Knowledge, attitudes and practices relating to fertility among nurses working in primary health care

Karin Hammarberg, Lisa Collison, Louise Johnson, Hau Thi Minh Nguyen, Jane Rosamond Woodward Fisher

Research output: Contribution to journalArticleResearchpeer-review

10 Citations (Scopus)


Objective: To explore knowledge, attitudes and practice relating to factors that affect fertility among nurses working in general practice and other primary health care settings.

Design: Anonymous online survey.

Setting: Primary care.

Subjects: Members of the Australian Primary Health Care Nurses Association (APNA). Main outcome measures: Fertility related knowledge, attitudes and practice.

Results: 102 individuals completed the survey. More than half overestimated the age when male and female fertility declines and the chance of women conceiving with IVF. Most knew that smoking affects a man’s sperm but only one quarter that smoking halves a woman’s fertility. The majority recognised obesity and STI’s as detrimental for fertility and agreed that educating patients about fertility is part of primary health care nurses’ role to ask people of reproductive age about their reproductive life plan and alert them to the factors that influence fertility. The most commonly cited barrier for discussing fertility with patients was perceived lack of knowledge about the subject.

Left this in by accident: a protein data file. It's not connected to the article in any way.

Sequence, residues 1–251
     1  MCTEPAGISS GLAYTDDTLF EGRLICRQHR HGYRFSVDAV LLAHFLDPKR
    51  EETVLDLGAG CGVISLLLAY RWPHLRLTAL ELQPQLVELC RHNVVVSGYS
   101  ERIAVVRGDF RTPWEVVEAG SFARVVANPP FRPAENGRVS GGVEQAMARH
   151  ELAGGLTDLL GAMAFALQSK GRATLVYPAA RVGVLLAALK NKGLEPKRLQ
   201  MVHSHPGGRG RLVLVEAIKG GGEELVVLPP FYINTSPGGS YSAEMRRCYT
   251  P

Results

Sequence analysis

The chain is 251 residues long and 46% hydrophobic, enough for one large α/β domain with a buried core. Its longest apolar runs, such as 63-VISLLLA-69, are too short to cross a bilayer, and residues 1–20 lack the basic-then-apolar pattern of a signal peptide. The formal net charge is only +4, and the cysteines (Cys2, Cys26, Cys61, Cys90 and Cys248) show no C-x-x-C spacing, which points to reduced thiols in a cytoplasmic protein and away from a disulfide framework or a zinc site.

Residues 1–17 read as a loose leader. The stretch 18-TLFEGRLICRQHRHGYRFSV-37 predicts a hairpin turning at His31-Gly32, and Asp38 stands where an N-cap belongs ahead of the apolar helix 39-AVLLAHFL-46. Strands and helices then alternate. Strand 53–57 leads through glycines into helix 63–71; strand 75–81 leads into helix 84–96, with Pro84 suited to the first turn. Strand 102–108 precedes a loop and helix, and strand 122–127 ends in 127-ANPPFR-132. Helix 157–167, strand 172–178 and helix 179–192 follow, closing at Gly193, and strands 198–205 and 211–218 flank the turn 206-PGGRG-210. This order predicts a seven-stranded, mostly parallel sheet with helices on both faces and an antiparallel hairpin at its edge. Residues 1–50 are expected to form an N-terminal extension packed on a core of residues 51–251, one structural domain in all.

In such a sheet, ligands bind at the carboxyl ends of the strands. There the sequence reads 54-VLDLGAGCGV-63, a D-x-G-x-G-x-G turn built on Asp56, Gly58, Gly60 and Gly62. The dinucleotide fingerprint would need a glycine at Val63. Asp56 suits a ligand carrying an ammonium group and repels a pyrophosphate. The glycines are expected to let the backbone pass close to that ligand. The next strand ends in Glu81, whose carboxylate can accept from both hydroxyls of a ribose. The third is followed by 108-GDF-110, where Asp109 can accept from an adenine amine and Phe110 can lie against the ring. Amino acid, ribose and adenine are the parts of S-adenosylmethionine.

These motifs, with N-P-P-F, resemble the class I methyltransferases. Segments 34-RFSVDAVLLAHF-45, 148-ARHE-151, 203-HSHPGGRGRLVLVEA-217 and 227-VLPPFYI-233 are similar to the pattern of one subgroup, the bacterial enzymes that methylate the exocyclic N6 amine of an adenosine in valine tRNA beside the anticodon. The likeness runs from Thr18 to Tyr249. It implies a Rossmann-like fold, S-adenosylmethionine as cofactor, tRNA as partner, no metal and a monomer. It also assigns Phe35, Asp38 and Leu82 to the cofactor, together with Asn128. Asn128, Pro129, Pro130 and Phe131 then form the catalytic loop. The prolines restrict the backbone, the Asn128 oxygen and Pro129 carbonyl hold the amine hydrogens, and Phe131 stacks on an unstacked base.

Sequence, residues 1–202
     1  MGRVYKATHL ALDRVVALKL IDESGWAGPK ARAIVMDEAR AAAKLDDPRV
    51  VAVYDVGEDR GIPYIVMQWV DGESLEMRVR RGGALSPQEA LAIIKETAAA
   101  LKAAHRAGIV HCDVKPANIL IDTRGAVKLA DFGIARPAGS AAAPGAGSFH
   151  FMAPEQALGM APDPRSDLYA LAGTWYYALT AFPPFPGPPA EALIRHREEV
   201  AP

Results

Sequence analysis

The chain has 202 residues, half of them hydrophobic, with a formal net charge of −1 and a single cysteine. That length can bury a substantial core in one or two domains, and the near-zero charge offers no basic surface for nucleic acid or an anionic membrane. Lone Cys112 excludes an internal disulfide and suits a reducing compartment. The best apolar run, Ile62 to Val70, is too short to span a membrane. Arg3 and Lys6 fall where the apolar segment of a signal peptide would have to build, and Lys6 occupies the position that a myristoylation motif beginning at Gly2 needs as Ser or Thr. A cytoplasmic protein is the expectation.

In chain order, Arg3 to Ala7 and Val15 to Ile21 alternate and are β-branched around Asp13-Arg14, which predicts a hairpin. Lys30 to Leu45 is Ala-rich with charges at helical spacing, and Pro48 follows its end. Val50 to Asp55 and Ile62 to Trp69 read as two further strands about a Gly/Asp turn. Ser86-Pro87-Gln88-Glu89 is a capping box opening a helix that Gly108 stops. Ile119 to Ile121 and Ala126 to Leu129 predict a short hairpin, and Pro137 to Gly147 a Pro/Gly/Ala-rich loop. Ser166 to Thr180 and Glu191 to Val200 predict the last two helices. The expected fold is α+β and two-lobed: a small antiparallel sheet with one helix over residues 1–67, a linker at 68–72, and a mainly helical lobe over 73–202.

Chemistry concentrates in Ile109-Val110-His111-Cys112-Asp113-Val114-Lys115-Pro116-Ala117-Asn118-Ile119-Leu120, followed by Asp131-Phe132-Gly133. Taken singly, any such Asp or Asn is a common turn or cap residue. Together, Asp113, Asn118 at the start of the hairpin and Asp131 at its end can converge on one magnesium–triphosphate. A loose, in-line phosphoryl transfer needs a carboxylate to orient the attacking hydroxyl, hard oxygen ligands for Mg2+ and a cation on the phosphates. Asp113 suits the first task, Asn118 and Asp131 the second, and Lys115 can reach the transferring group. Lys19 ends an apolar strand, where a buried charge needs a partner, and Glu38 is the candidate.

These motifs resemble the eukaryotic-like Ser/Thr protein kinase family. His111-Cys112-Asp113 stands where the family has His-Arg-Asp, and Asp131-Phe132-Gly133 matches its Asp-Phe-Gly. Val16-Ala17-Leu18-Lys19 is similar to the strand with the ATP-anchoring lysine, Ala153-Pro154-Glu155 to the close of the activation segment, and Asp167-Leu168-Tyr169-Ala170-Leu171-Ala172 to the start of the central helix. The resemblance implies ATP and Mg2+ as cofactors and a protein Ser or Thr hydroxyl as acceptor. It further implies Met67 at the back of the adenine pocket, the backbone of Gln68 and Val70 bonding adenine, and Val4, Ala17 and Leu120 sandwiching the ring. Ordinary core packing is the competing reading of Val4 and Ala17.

Conclusion: This study identified opportunities and barriers for nurses working in primary health care to proactively discuss fertility and the factors that influence the chance of conceiving with their patients. Appropriate educational resources to improve knowledge and support from general practitioners (GPs) can enable nurses working in general practice and other primary health care settings to provide effective fertility related education as part of their role as health promoters.
Original languageEnglish
Pages (from-to)6 - 13
Number of pages8
JournalThe Australian Journal of Advanced Nursing
Issue number1
Publication statusPublished - 2016


  • Practice nurses
  • Primary health care
  • Health promotion
  • Fertility
  • Reproductive health

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